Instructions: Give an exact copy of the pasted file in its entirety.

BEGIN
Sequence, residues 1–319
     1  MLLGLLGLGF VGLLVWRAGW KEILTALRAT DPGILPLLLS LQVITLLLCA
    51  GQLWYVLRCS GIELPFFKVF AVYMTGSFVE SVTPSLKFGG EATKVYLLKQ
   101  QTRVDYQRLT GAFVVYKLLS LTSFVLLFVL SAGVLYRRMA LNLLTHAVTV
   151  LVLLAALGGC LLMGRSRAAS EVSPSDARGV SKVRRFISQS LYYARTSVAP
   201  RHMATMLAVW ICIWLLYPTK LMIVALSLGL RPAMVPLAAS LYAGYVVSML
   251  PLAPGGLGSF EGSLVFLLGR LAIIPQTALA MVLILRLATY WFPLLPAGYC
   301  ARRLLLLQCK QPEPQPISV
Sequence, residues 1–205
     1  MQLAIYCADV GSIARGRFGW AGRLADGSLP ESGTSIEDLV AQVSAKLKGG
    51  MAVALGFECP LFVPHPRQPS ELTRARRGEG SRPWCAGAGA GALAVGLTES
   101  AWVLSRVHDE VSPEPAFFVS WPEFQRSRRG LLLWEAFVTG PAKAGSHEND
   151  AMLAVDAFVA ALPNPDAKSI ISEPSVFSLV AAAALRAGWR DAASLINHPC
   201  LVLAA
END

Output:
Sequence, residues 1–319
     1  MLLGLLGLGF VGLLVWRAGW KEILTALRAT DPGILPLLLS LQVITLLLCA
    51  GQLWYVLRCS GIELPFFKVF AVYMTGSFVE SVTPSLKFGG EATKVYLLKQ
   101  QTRVDYQRLT GAFVVYKLLS LTSFVLLFVL SAGVLYRRMA LNLLTHAVTV
   151  LVLLAALGGC LLMGRSRAAS EVSPSDARGV SKVRRFISQS LYYARTSVAP
   201  RHMATMLAVW ICIWLLYPTK LMIVALSLGL RPAMVPLAAS LYAGYVVSML
   251  PLAPGGLGSF EGSLVFLLGR LAIIPQTALA MVLILRLATY WFPLLPAGYC
   301  ARRLLLLQCK QPEPQPISV
Sequence, residues 1–205
     1  MQLAIYCADV GSIARGRFGW AGRLADGSLP ESGTSIEDLV AQVSAKLKGG
    51  MAVALGFECP LFVPHPRQPS ELTRARRGEG SRPWCAGAGA GALAVGLTES
   101  AWVLSRVHDE VSPEPAFFVS WPEFQRSRRG LLLWEAFVTG PAKAGSHEND
   151  AMLAVDAFVA ALPNPDAKSI ISEPSVFSLV AAAALRAGWR DAASLINHPC
   201  LVLAA